Published date: 24 Aug 2012
After filming a world history in rooms ranging from rare traditional Japanese homes to Inca prisons, Buddhist temples to mud mosques in Mali, one place has burned itself into my imagination: the eerie, overwhelming Dormition Cathedral in Moscow's Kremlin. Gold-domed, it dates from 1479. Ivan the Terrible was crowned there. It has suffered many indignities since. It was looted by marauding Poles and used as a stable by Napoleon's ragged army. It survived fires and was shut down by Lenin – though legend says Stalin ordered a secret Orthodox service there as the Nazis drew close in 1941.
There are four huge pillars dominating the nave and they, like every available inch of wall or ceiling, are covered with painting. There
are so many icons, and so many frescoed faces staring down,
it's like finding yourself stark naked in heaven. The first impression is of a rich, dark red, with gleams of gold, but then you notice all the colors of the rainbow, from the arsenical green of saintly dresses to cobalt skies and flaming orange swords. Some of the icons are ancient: one was painted in Novgorod in the 1100s.
Lazily, I used to think of icon painting as all vulture-eyed saints and stoned Virgins, but these ones include gorgeous views of monasteries in medieval Russia, angels like flocks of parrots, warrior saints flashing swords and some sensational crowd scenes. For the very best icons by Andrei Rublev you have to go elsewhere in the Kremlin or to other Moscow galleries or, apparently, to Vladimir (which is now on my list of must-go-to-one-day).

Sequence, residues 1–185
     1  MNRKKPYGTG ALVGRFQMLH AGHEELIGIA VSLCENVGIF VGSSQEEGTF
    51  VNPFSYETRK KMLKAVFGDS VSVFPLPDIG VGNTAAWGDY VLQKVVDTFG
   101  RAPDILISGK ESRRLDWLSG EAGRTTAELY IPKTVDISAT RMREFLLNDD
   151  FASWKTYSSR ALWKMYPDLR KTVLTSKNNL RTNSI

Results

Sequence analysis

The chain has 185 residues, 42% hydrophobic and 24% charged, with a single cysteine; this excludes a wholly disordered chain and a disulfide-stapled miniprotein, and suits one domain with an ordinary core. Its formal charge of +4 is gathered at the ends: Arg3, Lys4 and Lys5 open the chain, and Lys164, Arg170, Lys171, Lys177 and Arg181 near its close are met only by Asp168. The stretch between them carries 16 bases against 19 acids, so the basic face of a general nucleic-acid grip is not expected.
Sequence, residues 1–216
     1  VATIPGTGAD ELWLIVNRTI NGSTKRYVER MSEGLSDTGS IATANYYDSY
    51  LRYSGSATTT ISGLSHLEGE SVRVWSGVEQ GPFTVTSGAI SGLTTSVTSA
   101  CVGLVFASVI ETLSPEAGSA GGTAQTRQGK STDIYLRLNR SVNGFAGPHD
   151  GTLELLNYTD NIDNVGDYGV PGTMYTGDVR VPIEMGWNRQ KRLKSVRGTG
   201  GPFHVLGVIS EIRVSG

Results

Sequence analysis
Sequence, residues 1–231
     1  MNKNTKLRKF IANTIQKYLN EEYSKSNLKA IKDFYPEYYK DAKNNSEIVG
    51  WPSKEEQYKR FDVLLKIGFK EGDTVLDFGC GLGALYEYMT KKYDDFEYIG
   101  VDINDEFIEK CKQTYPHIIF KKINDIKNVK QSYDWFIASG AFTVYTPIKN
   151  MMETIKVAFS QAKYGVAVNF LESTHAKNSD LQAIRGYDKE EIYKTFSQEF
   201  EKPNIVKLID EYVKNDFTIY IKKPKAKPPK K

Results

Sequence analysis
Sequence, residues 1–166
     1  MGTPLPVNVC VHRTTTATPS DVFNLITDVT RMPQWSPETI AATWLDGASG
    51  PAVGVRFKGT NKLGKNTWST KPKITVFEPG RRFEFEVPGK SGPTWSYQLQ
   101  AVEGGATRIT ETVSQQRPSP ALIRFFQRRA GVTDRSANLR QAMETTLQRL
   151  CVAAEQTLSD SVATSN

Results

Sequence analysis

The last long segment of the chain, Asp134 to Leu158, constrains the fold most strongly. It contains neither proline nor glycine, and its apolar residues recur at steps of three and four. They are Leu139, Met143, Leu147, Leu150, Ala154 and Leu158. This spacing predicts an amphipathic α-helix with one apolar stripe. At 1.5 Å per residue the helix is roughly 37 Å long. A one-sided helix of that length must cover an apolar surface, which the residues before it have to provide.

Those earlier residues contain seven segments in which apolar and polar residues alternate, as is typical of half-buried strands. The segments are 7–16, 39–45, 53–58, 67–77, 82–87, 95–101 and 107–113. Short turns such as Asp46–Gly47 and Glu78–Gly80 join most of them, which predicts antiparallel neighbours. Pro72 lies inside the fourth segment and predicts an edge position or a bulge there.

There are comparable places – the museum church of Chora in Istanbul and the San Clemente Basilica in Rome, for instance – but I don't know of anywhere that has the same thrilling intensity of feeling. It's very curious, because it does feel weighed down by the gloom and pessimism of Russia's history yet it's ecstatic and, in places, joyous too, a whole novel in stone, wood and fresco paint.
The cathedral has been back in the hands of the Russian church for over 20 years, and is open to visitors. Moscow can be so unwelcoming and often so ugly these days, with its mash-up of Stalinist joylessness and robber-capitalist bling, that it's good to be able to recommend a room so rare and so ravishing.
Dormition Cathedral, The Kremlin, Moscow; www.kreml.ru/en
Andrew Marr's latest book, A New History of the World (Macmillan), which accompanies a major BBC television series, is published in October.